Mary's Place Family Center in The Regrade. Photo: Mary's Place

Amazon has announced a partnership with Mary's Place to create a permanent family shelter in Seattle that would house up to 200 family members, including those who may be experiencing economic hardship fueled by the pandemic.

The big picture: Nearly half of U.S. households have lost income since March, according to preliminary Census data. In Washington state, nearly 45% of households lost income and about 16% surveyed said they're experiencing housing insecurity.

Why it matters: Those who are experiencing homelessness have been especially susceptible to health issues during the pandemic in part because they're unable to wash their hands frequently or practice proper social distancing in shared or crowded shelters.

Details: The shelter, called Mary's Place Family Center in The Regrade, is now the largest in Washington state, increasing King County's shelter capacity by 40%.

  • The building began housing some families at the start of the coronavirus outbreak in March. It offers private rooms and ramped up its medical and safety supplies for families to social distance while seeking care.
  • Nearly one-third of families staying have family members who are at high-risk for contracting the virus, according to a joint statement.
  • The facility also houses children with muscular dystrophy, babies waiting on cleft palate and ear reconstruction surgeries, and adults 60 years and older.

What they're saying:

  • Washington Gov. Jay Inslee: “The opening of this facility helps to fill a critical gap — a place for families where they can find safety, access to services, and begin the process of finding stable permanent housing."
  • Seattle Mayor Jenny Durkan: “Now more than ever we need strong partnerships and support for our service providers to help sustain our most vulnerable through this public health emergency. The opening of the new Mary's Place shelter came at a crucial moment, helping to mitigate the spread of COVID-19 and saving lives."

The bottom line: Housing security is needed now more than ever, especially since overcrowded facilities are hot beds for transmissible diseases.

Go deeper: Coronavirus crisis drives housing advocates' push for rent and mortgage relief

Go deeper

2 TikTok stars charged for L.A. "mega-parties"

Bryce Hall and Blake Gray in Los Angeles, California. Photo: fupp/Bauer-Griffin/GC Images

TikTok influencers Blake Gray and Bryce Hall face criminal charges for hosting "mega-parties" in the Hollywood Hills despite a city ban on large gatherings due to the coronavirus pandemic, authorities announced on Friday.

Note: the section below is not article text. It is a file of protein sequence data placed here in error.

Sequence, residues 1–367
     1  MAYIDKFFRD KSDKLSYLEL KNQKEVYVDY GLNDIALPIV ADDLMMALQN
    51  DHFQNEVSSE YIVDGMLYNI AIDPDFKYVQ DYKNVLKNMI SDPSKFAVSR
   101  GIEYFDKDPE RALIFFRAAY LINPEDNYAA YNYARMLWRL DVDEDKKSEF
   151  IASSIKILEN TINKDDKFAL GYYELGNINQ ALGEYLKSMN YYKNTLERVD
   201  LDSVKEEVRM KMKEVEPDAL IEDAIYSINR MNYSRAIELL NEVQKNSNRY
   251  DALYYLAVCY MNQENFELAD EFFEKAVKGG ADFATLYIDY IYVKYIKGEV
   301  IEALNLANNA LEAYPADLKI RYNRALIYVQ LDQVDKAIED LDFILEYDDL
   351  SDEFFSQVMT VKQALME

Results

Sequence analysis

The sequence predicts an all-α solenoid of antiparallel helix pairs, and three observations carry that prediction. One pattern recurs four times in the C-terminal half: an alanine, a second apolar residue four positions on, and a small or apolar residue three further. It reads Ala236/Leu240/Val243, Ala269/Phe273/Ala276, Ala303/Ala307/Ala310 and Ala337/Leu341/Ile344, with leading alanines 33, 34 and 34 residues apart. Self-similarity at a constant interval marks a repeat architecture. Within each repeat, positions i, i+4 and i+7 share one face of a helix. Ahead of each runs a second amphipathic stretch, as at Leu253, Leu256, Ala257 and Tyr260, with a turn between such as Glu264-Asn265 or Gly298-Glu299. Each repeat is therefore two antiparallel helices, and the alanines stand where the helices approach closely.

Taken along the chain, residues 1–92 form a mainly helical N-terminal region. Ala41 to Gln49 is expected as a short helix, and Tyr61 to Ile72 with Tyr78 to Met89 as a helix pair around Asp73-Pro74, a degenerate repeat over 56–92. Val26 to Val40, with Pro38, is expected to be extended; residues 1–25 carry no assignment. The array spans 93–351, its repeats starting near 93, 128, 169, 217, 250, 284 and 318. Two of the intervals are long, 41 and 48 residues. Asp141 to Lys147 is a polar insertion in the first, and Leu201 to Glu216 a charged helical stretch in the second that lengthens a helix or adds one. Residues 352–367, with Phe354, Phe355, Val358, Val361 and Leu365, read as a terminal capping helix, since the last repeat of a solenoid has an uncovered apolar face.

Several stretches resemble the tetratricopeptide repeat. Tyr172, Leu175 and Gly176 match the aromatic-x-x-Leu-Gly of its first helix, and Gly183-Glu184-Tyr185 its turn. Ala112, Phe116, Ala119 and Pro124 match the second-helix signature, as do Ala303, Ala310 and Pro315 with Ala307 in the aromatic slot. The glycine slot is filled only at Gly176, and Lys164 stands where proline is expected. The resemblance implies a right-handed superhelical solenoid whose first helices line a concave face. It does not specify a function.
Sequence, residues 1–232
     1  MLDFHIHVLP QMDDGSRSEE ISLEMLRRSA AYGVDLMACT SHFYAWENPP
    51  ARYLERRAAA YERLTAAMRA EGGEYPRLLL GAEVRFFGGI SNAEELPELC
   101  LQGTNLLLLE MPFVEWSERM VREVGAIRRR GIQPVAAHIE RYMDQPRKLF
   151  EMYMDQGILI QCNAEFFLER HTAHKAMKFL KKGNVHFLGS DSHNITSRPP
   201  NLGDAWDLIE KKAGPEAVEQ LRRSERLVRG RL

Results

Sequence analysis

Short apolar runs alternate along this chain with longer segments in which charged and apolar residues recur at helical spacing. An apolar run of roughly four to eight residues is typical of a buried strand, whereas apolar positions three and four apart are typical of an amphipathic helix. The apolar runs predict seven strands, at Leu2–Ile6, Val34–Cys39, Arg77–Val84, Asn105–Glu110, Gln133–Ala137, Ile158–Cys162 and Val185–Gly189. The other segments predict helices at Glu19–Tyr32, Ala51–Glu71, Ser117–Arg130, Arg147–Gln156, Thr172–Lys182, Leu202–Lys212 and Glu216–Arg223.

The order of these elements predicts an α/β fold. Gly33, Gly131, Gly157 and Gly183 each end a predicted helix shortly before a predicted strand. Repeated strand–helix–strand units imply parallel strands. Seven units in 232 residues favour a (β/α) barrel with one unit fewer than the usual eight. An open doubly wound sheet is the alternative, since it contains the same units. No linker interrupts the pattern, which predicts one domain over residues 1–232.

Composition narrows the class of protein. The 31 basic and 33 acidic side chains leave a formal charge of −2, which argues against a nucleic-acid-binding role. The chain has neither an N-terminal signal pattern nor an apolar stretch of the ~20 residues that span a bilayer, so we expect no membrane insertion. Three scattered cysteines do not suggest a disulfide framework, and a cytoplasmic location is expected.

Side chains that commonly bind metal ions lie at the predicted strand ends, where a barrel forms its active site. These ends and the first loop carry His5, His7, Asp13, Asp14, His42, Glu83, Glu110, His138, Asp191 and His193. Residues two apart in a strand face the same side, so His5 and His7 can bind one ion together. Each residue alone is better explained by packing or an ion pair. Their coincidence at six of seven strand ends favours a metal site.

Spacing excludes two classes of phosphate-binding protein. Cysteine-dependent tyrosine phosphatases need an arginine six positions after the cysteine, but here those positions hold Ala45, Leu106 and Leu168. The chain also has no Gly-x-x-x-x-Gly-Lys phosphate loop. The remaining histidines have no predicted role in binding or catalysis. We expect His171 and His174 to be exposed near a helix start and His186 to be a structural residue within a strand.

Why it matters: Los Angeles City Attorney Mike Feuer described the charges as a part of a "crackdown" on house parties that pose a risk to public health.

Updated Oct 7, 2020 - Health

World coronavirus updates

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Data: The Center for Systems Science and Engineering at Johns Hopkins; Map: Axios Visuals

New Zealand now has active no coronavirus cases in the community after the final six people linked to the Auckland cluster recovered, the country's Health Ministry confirmed in an email Wednesday.

The big picture: The country's second outbreak won't officially be declared closed until there have been "no new cases for two incubation periods," the ministry said. Auckland will join the rest of NZ in enjoying no domestic restrictions from late Wednesday, Prime Minister Jacinda Ardern said, declaring that NZ had "beat the virus again."

Updated Aug 29, 2020 - Health

University of Alabama reports 1,052 COVID-19 cases since in-person classes began

Photo: Wesley Hitt/Getty Images

The University of Alabama on Friday reported an additional 485 confirmed cases of COVID-19 among students, faculty and staff since in-person classes resumed on Aug. 19, bringing the total number cases up to 1,052, according to the university's coronavirus dashboard.

Why it matters: The outbreak underscores concerns from public health experts that in-person classes could cause community spread within school populations. The total reported on Friday does not include the 381 positive tests caught when students, faculty and staff first re-entered campus.

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